6. How Renters Benefitted From the Housing Crisis “In the wake of the financial crisis, renters have gobbled up a lot of single-family homes. The number of renters hanging their hats in homes built for or once occupied by owners soared over the course of the Great Recession. It’s a trend that Taz George, research associate at the Urban Institute’s Metropolitan Housing and Communities Policy Center, describes as one of the ‘unexpected legacies of the mortgage crisis.’ Why was it so unexpected? Maybe we should have seen this wave coming.” [City Lab – 03/06/15]
  7. De Blasio and Developer Are Close, but Not on Lower-Cost Housing “Unlike many of his more wary real estate brethren, Rob Speyer moved quickly to build a strong relationship with New York’s liberal mayor, Bill de Blasio, after his election in 2013. The relationship flowered, and Mr. Speyer, whose company owns Rockefeller Center and operates on four continents, was a host at Mayor de Blasio’s birthday party at Gracie Mansion last May. At a real estate gathering five months later, Mr. de Blasio singled out Mr. Speyer, telling the 6,200 attendees that the developer was ‘tremendously civically oriented.’” [New York Times – 03/05/15]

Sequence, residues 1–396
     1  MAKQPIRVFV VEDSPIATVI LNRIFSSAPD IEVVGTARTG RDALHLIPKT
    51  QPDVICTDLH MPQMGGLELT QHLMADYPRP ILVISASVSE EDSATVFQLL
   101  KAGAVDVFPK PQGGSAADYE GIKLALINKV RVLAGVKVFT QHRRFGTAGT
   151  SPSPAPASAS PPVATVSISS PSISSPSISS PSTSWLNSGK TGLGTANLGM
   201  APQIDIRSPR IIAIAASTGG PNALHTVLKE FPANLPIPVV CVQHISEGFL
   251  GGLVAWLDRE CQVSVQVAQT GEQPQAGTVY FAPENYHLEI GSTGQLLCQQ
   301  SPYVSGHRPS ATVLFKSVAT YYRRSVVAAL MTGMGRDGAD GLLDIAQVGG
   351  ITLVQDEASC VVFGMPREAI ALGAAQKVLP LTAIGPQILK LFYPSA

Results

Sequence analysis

8. Dushinsky’s Rabsky Group Plans Nearly 800 Units on Former Pfizer Site “The developer working to transform Bushwick’s Rheingold Brewery site into a mammoth rental project is now looking to build a pair of large apartment buildings on the former Pfizer site at the edge of Bedford–Stuyvesant. Simon Dushinsky’s Rabsky Group has filed an application to rezone a pair of blocks at the Flushing Avenue G-train stop, which would pave the way for a pair of mixed-use buildings, according to papers the developer filed with the Department of City Planning.” [The Real Deal – 03/06/15]